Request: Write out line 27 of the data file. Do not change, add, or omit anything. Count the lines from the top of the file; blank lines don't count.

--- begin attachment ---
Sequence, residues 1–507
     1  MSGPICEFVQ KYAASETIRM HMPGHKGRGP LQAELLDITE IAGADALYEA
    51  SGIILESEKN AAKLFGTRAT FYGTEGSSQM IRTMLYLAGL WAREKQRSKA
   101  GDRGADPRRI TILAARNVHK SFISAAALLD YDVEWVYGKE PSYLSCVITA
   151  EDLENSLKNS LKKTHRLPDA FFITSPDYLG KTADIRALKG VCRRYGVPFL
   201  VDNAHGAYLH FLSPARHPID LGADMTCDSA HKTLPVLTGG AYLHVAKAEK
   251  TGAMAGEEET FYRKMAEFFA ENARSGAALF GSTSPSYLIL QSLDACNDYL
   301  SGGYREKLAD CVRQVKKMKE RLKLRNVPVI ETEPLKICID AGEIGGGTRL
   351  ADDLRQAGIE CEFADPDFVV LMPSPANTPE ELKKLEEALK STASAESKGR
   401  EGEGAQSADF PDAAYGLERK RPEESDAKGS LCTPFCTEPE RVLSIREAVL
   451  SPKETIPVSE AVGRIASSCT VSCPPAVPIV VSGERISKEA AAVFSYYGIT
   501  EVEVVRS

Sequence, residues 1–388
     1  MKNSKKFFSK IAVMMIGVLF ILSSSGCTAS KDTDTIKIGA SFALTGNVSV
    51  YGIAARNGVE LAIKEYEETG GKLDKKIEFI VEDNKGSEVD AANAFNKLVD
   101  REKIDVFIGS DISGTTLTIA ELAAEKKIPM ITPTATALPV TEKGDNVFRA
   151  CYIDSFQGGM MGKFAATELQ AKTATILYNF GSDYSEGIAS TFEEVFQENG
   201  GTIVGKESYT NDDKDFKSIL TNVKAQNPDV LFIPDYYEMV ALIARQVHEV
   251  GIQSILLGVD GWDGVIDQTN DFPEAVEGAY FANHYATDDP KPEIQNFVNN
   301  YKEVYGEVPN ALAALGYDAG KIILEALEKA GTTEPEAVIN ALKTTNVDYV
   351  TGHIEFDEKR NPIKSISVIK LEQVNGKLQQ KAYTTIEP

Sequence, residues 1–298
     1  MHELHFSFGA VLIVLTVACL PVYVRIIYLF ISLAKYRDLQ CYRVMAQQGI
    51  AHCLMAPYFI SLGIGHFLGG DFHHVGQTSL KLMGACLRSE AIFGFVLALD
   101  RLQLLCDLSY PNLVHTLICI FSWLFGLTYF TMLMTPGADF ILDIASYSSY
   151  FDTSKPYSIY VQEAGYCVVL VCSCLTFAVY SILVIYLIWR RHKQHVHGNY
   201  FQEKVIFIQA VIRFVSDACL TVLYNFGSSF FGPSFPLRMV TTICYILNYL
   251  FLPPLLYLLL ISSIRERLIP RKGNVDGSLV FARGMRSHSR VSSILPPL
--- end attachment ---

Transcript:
   201  FQEKVIFIQA VIRFVSDACL TVLYNFGSSF FGPSFPLRMV TTICYILNYL